The sex differences in various motor functions suggest a sex-specific neural basis in the nonprimary or primary motor area. To examine the sex difference in the 24-h profile of acetylcholine (ACh) release in the rostral frontal cortex area 2 (rFr2), which is equivalent to the premotor/supplementary motor area in primates, we performed an in vivo microdialysis study in both sexes of rats fed pelleted or powdered diet. The dialysate was automatically collected from the rFr2 for 24 h under freely moving conditions. Moreover, the number of cholinergic neurons in the nucleus basalis magnocellularis (NBM) was examined. Further, to confirm the relation between ACh release in the rFr2 and motor function, the spontaneous locomotor activity was monitored for 24 h. Both sexes showed a distinct 24-h rhythm of ACh release, which was high during the dark phase and low during the light phase. Female rats, however, showed a greater ACh release and more cholinergic neurons in the NBM than male rats. Similarly, spontaneous locomotor activity also showed a 24-h rhythm, which paralleled the changes in ACh release in both sexes, and these changes were again greater in female rats than in male rats. In addition, feeding with powdered diet significantly increased the ACh release and spontaneous locomotor activity. The present study is the first to report the sex difference in the 24-h profile of ACh release in the rFr2 in rats. The sex specific ACh release in the rFr2 may partly contribute to the sex difference in motor function in rats.
|Molecular characteristics suggest an effector function of palisade endings in extraocular muscles. |
Konakci, KZ; Streicher, J; Hoetzenecker, W; Blumer, MJ; Lukas, JR; Blumer, R
Investigative ophthalmology & visual science 46 155-65 2005
To analyze palisade endings in cat extraocular muscles (EOMs) and to clarify whether these EOM-specific organs are sensory or motor.Twelve cats aged between 1 and 16 years were analyzed. Whole EOM tendons were immunostained using four different combinations of triple fluorescence labeling. Triple labeling included antibodies against choline acetyltransferase (ChAT), neurofilament, synaptophysin, and alpha-bungarotoxin. Preparations were examined by confocal laser scanning microscopy. ChAT-labeled EOMs were also analyzed by immunoelectron microscopy. Three-dimensional reconstructions were made of palisade endings.Palisade endings were found in the distal and proximal myotendinous regions of cat EOMs. These endings arose from thin nerve fibers coming from the muscle and extending into the tendon. There, the nerve fibers turned back 180 degrees to divide into terminal branches around the muscle fiber tips. Terminal branches established numerous contacts with the tendon attached to the muscle fiber tip and only a few contacts with the muscle fiber. Often, nerve fibers forming palisade endings on muscle fiber tips were observed to establish multiple motor contacts on muscle fibers outside palisade endings. Three-dimensional reconstructions depicted the complex morphology of the palisade endings. All nerve fibers supplying palisade endings stained positively for ChAT and neurofilament. All nerve terminals in palisade endings were ChAT and synaptophysin positive. Only neuromuscular contacts in palisade endings were positive for alpha-bungarotoxin, as well.This study provides evidence that palisade endings in cat EOMs have effector function. The findings may be of significance for strabismus surgery because palisade endings are also found in human EOMs.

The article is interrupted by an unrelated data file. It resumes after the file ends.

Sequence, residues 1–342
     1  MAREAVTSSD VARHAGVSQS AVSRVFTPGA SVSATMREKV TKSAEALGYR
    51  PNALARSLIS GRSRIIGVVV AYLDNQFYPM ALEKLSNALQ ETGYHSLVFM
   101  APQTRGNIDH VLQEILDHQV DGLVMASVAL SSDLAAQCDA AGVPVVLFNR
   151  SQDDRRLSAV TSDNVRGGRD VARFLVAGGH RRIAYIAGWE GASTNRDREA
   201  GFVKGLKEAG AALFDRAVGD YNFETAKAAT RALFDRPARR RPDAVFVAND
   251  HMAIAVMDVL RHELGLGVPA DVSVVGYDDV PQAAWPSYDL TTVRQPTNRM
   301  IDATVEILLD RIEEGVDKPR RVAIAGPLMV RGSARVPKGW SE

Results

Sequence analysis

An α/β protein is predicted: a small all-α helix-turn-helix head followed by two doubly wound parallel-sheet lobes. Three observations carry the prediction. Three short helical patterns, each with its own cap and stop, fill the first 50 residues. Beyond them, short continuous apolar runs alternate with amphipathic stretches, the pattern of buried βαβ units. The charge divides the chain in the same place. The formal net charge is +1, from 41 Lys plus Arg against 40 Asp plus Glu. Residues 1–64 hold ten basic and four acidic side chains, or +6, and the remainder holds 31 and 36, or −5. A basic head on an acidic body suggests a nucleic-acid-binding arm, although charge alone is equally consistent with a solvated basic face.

|Rabbit anti-Goat IgG - Data Sheet|